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The GE90-115b is rated at 513 kN maximum thrust and is often said to have 110,000 shaft horsepower, but I have yet to find any document or specification that backs the claim on horsepower figure.

A comparable engine, the Trent XWB-97 rated at 430 kN and puts out 50,000 shp according to the Rolls-Royce website.

The vast difference in horsepower 50,000 shp vs 110000 shp and not all that huge difference in thrust 430 kN vs 513 kN makes me suspicious if the GE90 actually puts out 110,000 or if this has become a "thing" for the GE90 without being correct. Or, perhaps shaft horsepower and turbine horsepower is not the same?

Does the GE90-115b actually output 110,000 shp?

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  • $\begingroup$ According to the GE website for the GE90-110/115 the engines ran at 127,000lb-thrust at "triple redline conditions" for 60 hours. So what you may be seeing is the difference between "maximum thrust" and "rated thrust". The GE90-110/115 puts out around 74-94,000lb-thrust. $\endgroup$ – Ron Beyer Feb 17 at 16:35
  • $\begingroup$ @RonBeyer so the GE90 is rated at 115,000lb maximum and 94,000 continuous if I understood you correctly? The XWB-97 is rated at 430 kN maximum and 370 kN continuous. But, if we compare maximum numbers and not continuous, that means we're looking at XWB97 with 430 kN vs GE90 with 513, (although 569 kN was achieved once) - but thats only ≈ 80-130 kN difference, compared to the massive 60,000 shaft horsepower difference if we are to believe the articles. $\endgroup$ – Erik Feb 17 at 17:44
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    $\begingroup$ Talking about jet engines in HP really doesn't make much sense, but media likes to do it. Power is forcedistance/time or ForceSpeed. So at 0 speed, you get 0 power. At takeoff speed and full thrust you get around 55,000 HP for GE90-115B, while your thrust actually decreases the faster you go. The actual fan shaft will transfer around 30,000 HP from the LP turbine to the Fan, internal to the engine. $\endgroup$ – OSUZorba Feb 19 at 3:07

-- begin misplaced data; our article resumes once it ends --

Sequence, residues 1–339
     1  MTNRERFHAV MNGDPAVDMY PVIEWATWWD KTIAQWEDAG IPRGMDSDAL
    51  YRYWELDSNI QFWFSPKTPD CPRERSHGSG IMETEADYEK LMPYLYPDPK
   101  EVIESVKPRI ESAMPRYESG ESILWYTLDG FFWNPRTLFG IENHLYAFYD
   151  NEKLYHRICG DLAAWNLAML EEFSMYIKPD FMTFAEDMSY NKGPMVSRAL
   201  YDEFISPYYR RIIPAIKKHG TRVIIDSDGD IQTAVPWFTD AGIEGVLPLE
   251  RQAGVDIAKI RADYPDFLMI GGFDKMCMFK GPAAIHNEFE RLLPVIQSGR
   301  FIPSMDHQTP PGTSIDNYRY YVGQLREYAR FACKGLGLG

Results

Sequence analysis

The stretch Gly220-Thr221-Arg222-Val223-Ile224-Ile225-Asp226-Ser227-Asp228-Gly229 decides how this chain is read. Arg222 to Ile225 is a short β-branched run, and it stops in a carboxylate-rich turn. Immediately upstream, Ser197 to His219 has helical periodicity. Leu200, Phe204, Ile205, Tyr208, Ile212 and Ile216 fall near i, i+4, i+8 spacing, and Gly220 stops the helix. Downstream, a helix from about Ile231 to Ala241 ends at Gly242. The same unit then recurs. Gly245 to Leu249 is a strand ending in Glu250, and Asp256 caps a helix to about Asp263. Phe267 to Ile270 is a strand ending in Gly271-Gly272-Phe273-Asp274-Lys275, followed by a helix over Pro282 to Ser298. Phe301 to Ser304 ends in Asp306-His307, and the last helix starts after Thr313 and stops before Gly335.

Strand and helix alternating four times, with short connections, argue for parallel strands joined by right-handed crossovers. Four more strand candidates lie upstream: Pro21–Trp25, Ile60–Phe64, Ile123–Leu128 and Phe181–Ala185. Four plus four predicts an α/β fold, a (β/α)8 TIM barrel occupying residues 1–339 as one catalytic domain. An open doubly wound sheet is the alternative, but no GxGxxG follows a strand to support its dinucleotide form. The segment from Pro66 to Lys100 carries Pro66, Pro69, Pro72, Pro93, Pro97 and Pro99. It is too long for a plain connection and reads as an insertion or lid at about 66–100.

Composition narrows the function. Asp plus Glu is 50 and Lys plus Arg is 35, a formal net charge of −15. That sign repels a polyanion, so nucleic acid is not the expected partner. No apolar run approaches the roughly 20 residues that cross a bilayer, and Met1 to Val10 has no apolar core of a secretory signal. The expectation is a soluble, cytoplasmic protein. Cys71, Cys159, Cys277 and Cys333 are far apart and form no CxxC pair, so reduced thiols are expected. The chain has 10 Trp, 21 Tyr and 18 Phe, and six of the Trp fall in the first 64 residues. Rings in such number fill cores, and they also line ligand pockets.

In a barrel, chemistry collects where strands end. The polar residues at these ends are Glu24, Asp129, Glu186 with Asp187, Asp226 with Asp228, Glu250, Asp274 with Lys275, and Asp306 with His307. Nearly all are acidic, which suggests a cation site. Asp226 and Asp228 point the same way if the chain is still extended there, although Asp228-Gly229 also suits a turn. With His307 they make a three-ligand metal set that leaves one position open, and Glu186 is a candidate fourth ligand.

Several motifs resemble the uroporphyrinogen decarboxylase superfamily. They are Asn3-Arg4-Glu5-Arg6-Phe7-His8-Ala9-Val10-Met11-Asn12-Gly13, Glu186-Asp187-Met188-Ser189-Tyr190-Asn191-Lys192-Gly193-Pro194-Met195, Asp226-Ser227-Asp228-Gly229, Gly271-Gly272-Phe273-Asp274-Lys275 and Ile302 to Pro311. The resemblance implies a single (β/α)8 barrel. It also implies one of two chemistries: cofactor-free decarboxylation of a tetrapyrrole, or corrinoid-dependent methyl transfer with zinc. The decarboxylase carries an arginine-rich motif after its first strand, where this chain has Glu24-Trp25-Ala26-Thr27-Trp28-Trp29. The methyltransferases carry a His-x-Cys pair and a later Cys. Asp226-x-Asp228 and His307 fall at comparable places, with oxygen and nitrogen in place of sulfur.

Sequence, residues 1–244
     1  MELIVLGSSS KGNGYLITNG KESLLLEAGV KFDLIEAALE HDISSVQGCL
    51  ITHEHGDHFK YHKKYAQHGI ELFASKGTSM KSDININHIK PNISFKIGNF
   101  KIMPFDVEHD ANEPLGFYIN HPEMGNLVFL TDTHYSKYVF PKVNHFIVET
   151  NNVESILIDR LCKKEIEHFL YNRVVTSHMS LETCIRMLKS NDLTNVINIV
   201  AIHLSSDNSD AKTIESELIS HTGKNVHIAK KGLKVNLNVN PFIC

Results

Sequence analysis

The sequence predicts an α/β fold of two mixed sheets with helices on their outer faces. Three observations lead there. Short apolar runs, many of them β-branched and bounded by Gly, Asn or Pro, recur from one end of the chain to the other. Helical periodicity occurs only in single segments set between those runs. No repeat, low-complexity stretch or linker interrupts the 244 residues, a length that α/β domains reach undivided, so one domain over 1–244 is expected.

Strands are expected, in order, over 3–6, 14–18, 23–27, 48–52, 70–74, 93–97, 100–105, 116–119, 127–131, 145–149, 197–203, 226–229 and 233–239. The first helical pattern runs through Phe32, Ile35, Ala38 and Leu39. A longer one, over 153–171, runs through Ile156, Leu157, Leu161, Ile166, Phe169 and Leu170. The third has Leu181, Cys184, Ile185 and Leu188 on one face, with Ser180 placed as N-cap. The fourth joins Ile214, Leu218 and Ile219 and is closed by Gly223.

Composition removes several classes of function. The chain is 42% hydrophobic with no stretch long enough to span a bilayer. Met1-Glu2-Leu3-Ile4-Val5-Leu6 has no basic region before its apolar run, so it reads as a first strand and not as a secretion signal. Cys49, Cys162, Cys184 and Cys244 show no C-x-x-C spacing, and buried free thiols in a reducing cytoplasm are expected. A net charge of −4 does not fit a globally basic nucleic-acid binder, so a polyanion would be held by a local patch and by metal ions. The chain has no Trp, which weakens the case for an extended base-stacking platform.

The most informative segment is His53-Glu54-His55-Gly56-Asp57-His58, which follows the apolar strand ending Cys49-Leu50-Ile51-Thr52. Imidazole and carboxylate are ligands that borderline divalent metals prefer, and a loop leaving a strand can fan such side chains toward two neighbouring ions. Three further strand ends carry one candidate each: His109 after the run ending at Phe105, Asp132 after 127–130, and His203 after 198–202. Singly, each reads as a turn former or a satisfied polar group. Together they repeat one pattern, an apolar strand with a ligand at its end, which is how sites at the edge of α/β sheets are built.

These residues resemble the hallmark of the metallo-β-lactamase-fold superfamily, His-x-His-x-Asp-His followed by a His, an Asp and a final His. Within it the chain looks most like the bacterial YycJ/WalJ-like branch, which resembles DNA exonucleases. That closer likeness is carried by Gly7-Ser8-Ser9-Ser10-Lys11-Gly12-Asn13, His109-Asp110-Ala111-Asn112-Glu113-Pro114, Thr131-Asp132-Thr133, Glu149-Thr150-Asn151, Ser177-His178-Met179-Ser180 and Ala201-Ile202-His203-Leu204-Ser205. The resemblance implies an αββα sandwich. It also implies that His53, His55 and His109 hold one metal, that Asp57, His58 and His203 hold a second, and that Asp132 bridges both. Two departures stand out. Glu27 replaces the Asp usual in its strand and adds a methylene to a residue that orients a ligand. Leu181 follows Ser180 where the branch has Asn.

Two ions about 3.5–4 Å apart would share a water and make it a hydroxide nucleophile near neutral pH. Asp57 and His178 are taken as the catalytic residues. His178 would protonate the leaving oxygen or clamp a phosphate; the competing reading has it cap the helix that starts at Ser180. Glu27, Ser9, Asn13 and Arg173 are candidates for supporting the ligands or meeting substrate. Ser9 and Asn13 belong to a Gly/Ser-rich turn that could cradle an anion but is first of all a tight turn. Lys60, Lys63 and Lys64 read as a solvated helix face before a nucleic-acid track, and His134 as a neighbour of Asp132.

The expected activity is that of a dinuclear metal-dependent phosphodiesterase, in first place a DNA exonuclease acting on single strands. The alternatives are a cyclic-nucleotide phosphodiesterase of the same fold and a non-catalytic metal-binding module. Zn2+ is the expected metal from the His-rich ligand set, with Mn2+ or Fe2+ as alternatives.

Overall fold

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Based on the GE website, where they used a GE90-115B as a power generation unit, called the LM9000. GE cited 65,000 horsepower, which seems to scaled more reasonably when compared to the RB211 XWB

https://www.ge.com/news/reports/ge-oil-gas-just-turned-worlds-largest-jet-engine-65-megawatt-power-plant?utm_source=feedburner&utm_medium=feed&utm_campaign=Feed%253A%20gereports%252Ffeed%20%2528GE%20Reports%2529

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I think the numbers (93.7khp) are accurate (https://www.geaviation.com/commercial/engines/ge90-engine).

I recall numbers from CFM56 (smaller engine) being something like 10khp for the fan and 20khp for the core so like 2/3 for the core and 1/3 for the fan (can't find where i saw that, but it was definitly shaft power).

On the Trents it is said 50 khp from "high power turbine blades", so i'm guessing it might be the hp core shaft power which is probably like the CFM, something like 2/3 of total engine power which would put it at 75 khp and GE90 core power around 62.5khp which matches the number given (65 khp) for the LM9000 (core technology similar to that of the GE90).

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